Students in Mr. Sparks’ class at “Hero Elementary” on PBS Kids know that they can ask their friend A.J. Gadget when they need a creative solution to a problem.
Gadget is a budding superhero, as are his classmates. But unlike the others, Gadget is on the autism spectrum. He carries around all of his gadgets in a backpack – which also functions as a jetpack – and he’s always coming up with more gadgets. His type of intelligence includes “thought projection,” which allows him to visualize his own thought processes. As a result, he’s a great strategic thinker.
It’s in this spirit of abilities, rather than disabilities, that WGCU and a handful of other public media stations across the country are celebrating the 30th anniversary of the Americans with Disabilities Act this month in the “Move to Include” initiative.
The ADA is a civil rights law that prohibits discrimination against people with disabilities in all areas of public life, including jobs, schools, transportation, and all public and private places that are open to the public. The purpose of the law is to make sure that people with disabilities have the same rights and opportunities as everyone else.
Move to Include is dedicated to topics including education, healthcare, housing, recreation, employment and local efforts to support inclusion – through television, radio, news, special events, and social media. This is WGCU’s first year to participate in the initiative, which began in 2014 with WXXI Public Media in Rochester, New York, and the Golisano Foundation.
It includes programming for both children and adults.
“Hero Elementary” airs on PBS Kids twice a day. Check wgcu.org/tvschedules for times.
A.J. Gadget isn’t the only young character whose abilities are different. At 6:30 a.m. many (Friday) mornings in July, PBS favorites Arthur, Peg+Cat and Clifford all appear in episodes with people who are disabled.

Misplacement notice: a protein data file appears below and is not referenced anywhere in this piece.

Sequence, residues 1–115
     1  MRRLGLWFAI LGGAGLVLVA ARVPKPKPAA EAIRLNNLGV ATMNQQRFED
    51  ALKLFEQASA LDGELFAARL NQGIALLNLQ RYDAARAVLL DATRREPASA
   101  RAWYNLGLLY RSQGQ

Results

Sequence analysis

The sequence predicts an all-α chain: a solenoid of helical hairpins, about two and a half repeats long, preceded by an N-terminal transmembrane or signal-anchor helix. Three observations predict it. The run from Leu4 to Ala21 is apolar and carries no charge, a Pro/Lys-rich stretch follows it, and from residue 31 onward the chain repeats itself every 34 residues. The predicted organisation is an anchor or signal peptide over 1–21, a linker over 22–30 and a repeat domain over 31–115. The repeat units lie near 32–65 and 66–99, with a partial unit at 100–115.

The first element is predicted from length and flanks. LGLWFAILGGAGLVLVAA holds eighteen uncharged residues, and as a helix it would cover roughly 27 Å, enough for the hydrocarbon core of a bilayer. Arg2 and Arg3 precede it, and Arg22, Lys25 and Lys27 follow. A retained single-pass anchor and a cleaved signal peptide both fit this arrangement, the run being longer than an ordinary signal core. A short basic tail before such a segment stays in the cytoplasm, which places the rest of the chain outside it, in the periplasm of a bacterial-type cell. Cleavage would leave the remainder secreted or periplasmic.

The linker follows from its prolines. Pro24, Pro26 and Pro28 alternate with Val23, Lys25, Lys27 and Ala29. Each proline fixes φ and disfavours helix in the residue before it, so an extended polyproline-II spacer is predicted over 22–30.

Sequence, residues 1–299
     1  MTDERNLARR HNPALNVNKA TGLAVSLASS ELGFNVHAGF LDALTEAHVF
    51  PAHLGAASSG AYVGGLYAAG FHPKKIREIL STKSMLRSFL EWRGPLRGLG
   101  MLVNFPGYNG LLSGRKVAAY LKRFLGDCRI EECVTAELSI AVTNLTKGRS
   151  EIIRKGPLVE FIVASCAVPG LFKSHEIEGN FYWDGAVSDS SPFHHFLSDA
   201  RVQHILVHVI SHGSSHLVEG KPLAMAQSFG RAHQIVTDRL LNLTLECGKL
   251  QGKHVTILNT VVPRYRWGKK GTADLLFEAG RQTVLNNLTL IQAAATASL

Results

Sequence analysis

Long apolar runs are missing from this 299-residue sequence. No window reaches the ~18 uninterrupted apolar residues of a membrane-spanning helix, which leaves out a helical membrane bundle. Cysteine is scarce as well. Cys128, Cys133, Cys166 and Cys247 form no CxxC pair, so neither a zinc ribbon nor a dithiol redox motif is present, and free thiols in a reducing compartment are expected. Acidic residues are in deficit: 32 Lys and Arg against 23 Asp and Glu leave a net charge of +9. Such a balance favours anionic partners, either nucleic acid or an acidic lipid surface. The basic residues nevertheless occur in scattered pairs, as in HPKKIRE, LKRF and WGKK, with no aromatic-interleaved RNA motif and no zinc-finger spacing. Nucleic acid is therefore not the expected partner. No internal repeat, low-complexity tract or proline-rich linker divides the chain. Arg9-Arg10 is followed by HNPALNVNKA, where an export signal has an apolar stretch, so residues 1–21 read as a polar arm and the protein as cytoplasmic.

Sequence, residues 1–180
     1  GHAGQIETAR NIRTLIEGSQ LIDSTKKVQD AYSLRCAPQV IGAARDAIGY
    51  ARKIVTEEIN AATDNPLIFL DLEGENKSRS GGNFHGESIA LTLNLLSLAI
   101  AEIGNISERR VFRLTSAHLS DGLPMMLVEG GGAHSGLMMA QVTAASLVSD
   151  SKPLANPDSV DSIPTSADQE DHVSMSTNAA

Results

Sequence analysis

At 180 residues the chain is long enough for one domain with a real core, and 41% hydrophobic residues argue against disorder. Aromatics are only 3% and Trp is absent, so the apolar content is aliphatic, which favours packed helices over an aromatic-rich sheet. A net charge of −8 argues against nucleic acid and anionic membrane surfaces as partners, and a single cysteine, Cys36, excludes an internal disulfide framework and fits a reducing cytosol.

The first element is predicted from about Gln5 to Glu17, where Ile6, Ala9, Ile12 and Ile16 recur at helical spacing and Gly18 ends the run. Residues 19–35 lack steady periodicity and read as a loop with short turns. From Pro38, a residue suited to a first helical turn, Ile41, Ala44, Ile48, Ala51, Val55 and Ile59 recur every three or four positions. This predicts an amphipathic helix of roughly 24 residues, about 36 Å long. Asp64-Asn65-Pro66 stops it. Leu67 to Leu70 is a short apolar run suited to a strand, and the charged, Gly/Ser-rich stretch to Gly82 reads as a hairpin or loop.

But of course, people with disabilities are not all fictional.
Older children and their families likely will enjoy some of the Move to Include shows Friday evenings on WGCU this month as well.
On July 10 at 9 p.m., WGCU airs “America Reframed: Perfectly Normal for Me.”
Alexandria, Jake, Caitlin and Veronica reveal what it’s like to live with physical disabilities. Their parents search out opportunities where they are accepted and feel valued, such as a dance program in Queens, New York.
Filmmakers follow these students at the “Dancing Dreams” after-school program over the course of a year as they prepare for a spring dance recital. Though difficulties arise, the students accept each challenge with grace and dignity, offering proof that desire, hard work and the support of a loving community help them gain self-confidence and have fun.
“Perfectly Normal for Me” also highlights the dedicated involvement of parents, teenage volunteer helpers and prima ballerina Jenifer Ringer, then of the New York City Ballet, whose respect and candor gives them insight into reaching their goals.
On Friday, July 17 at 9 p.m., WGCU will air the documentary “Employment Matters,” about the potential among adults with intellectual disabilities in Canada that is not being tapped.
On Friday, July 24 at 9 p.m., “Hearts of Glass” follows the tumultuous first 15 months of operation of Vertical Harvest of Jackson, Wyoming, a state-of-the-art hydroponic greenhouse that provides meaningful employment for people with disabilities. The film weaves the story of VH’s launch with the personal journeys of employees with intellectual and developmental disabilities. Plants and people grow together in this intimate portrait of innovation, inclusion and community.
Then on Friday, July 31 at 9 p.m., “The Life Autistic” premieres. It features the personal stories of people with autism and the challenges they face at different stages of life.